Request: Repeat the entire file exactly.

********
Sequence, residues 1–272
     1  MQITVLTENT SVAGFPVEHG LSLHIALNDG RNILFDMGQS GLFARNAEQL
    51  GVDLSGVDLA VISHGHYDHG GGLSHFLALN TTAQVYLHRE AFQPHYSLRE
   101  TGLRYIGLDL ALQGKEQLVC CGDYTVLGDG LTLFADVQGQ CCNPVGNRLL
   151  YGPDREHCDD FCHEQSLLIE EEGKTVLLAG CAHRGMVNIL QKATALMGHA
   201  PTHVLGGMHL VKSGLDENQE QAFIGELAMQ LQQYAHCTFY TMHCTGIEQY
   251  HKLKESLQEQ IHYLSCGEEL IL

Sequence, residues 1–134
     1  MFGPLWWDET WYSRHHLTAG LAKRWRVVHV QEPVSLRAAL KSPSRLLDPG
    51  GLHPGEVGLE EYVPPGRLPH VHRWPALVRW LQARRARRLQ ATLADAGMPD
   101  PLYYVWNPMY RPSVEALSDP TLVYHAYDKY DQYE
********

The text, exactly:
Sequence, residues 1–272
     1  MQITVLTENT SVAGFPVEHG LSLHIALNDG RNILFDMGQS GLFARNAEQL
    51  GVDLSGVDLA VISHGHYDHG GGLSHFLALN TTAQVYLHRE AFQPHYSLRE
   101  TGLRYIGLDL ALQGKEQLVC CGDYTVLGDG LTLFADVQGQ CCNPVGNRLL
   151  YGPDREHCDD FCHEQSLLIE EEGKTVLLAG CAHRGMVNIL QKATALMGHA
   201  PTHVLGGMHL VKSGLDENQE QAFIGELAMQ LQQYAHCTFY TMHCTGIEQY
   251  HKLKESLQEQ IHYLSCGEEL IL

Sequence, residues 1–134
     1  MFGPLWWDET WYSRHHLTAG LAKRWRVVHV QEPVSLRAAL KSPSRLLDPG
    51  GLHPGEVGLE EYVPPGRLPH VHRWPALVRW LQARRARRLQ ATLADAGMPD
   101  PLYYVWNPMY RPSVEALSDP TLVYHAYDKY DQYE